As at Stockley, high-spec office pavilions are set in lush parkland, overlooking an artificial lake. But the suburban setting means that density can be increased, so that the pavilions are four-storey rather than two or three, and face each other across a central street. And the convenient location next to a Tube station means that only 15% of employees require car parking facilities. These are largely tucked below the office buildings.
Costing £90m, Chiswick Park is an altogether more controlled affair than its precursor – numerous placards bear the Orwellian command "enjoy-work.com" – and the construction of the eight Richard Rogers Partnership-designed rectilinear office buildings in steel and glass was ruthlessly standardised.
This meant that each block was built and fitted out in a record 40 weeks. It has also boosted the efficiency of the offices' floor space to a net-to-gross ratio of 87%. The buildings have even been shorn of Rogers' trademark flourishes of colour, leaving sheer but exquisitely detailed curtain walls enlivened only by automatic sun awnings and eaves-level canopies of aerofoil-shaped aluminium louvres.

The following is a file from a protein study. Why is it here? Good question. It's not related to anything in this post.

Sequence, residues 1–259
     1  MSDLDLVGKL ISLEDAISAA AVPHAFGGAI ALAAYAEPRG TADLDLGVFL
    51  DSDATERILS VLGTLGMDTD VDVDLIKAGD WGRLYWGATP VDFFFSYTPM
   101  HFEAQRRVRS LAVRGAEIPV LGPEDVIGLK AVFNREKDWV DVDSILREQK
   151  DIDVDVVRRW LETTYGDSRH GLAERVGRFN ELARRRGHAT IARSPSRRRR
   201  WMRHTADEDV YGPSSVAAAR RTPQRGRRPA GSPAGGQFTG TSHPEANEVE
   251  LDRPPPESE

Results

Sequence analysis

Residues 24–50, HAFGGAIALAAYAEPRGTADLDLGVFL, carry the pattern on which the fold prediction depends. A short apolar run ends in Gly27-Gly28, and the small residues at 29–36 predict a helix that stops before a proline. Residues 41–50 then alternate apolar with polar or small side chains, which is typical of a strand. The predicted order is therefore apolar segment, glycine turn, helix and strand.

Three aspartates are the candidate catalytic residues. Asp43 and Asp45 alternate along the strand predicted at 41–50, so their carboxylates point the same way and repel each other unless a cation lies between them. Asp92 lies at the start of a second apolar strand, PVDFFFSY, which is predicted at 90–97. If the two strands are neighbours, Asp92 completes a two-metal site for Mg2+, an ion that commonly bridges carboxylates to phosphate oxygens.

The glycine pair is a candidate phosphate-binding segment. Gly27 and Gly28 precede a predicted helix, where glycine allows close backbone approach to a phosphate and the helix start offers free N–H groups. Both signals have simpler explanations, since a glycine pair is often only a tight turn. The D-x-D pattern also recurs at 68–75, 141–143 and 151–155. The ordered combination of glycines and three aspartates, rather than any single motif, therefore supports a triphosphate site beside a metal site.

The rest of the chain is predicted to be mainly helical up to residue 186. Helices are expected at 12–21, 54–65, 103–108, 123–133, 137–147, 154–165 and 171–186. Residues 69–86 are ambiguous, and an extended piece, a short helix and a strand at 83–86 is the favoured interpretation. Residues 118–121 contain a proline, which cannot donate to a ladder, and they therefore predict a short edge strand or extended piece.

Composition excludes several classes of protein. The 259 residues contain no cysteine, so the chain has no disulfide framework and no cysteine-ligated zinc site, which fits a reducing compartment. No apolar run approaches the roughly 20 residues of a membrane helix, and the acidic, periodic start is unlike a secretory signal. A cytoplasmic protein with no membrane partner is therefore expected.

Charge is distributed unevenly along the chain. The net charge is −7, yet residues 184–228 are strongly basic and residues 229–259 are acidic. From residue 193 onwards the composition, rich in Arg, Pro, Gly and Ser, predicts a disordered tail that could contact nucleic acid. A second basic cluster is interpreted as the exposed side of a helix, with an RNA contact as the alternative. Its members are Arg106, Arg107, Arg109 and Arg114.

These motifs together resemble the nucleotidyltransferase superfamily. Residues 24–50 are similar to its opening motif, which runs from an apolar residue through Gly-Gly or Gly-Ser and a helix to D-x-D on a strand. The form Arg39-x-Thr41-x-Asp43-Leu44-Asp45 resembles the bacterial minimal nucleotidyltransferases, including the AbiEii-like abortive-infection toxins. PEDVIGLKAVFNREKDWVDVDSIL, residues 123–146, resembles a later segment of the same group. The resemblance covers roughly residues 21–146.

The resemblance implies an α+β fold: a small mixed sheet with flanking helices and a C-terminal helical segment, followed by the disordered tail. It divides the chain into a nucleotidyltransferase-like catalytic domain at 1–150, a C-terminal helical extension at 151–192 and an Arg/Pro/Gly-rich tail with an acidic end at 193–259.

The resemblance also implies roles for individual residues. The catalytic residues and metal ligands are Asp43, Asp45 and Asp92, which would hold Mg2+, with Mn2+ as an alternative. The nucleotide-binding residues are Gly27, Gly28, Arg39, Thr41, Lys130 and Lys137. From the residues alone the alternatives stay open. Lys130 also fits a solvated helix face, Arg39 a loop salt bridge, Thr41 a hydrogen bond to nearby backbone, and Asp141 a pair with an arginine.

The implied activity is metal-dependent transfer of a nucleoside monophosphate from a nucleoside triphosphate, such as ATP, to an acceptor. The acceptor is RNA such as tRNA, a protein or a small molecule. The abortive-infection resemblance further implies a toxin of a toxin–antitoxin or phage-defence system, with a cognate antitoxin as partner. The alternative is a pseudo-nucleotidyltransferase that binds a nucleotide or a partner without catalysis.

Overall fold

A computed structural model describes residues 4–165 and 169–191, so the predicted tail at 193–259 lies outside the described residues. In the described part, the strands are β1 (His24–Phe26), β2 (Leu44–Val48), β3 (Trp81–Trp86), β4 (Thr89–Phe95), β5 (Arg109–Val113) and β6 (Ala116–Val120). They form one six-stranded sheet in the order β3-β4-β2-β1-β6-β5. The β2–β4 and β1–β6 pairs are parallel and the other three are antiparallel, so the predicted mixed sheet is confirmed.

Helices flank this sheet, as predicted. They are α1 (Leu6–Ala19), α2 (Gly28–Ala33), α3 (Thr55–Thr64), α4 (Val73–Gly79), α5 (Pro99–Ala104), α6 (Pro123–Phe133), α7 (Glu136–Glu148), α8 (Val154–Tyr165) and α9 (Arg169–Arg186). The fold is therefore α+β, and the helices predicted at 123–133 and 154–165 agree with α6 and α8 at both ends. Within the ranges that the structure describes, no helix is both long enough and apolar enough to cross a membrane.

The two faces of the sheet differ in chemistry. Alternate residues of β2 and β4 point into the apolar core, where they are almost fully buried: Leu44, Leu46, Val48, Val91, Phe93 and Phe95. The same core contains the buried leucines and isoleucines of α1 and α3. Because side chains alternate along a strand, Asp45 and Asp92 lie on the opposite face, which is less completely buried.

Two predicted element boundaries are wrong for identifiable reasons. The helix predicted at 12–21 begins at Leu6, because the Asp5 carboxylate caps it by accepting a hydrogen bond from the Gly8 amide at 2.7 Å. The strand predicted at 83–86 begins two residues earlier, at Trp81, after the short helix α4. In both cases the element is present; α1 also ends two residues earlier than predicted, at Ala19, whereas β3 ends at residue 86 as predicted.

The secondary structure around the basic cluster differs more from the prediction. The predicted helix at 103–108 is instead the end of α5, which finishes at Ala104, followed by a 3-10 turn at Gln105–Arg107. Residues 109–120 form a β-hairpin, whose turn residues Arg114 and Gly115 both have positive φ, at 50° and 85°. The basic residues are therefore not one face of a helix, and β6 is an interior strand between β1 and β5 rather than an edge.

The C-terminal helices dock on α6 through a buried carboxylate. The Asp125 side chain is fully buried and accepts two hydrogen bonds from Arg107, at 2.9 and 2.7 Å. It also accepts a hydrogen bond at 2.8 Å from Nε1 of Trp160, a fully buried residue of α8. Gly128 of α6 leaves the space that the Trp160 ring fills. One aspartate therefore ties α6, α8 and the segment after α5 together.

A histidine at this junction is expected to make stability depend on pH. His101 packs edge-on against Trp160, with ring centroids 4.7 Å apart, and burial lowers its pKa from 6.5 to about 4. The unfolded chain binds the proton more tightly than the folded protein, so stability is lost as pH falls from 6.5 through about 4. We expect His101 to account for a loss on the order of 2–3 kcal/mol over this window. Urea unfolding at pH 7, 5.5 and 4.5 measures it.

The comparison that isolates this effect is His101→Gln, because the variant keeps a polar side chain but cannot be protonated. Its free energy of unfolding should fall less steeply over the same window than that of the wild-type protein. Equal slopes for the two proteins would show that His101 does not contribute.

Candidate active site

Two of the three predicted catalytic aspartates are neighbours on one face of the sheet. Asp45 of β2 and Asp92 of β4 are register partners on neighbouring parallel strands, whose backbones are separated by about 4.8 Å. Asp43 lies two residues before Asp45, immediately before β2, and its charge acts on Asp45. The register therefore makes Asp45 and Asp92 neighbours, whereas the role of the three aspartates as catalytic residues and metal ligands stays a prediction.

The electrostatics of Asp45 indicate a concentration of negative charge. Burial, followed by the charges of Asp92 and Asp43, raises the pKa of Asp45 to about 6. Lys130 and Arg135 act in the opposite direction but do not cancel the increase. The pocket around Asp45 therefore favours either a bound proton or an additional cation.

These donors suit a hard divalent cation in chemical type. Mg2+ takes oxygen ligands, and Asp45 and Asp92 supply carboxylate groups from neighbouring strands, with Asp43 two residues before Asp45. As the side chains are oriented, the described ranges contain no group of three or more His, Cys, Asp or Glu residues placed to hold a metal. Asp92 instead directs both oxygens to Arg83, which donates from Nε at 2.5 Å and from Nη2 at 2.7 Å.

As well as the sumptuous instant parkland of mature redwoods, gingkos and magnolias, and a sizeable waterfall, office workers will be seduced by barbecues, volleyball matches, bands and "London's most cryptic treasure hunt".
At Chiswick Park, Lipton promises its tenant companies a working environment so pleasant that workers on the site become more productive. This logic is spelled out to prospective tenants in the marketing brochure: "If people enjoy work, they do better work. If they do better work, you have a better business." Which is, of course, the whole point …
developer Stanhope architect Richard Rogers Partnership structural & services engineer Arup landscape architect West 8 construction manager Bovis Lend Lease cost consultant Davis Langdon & Everest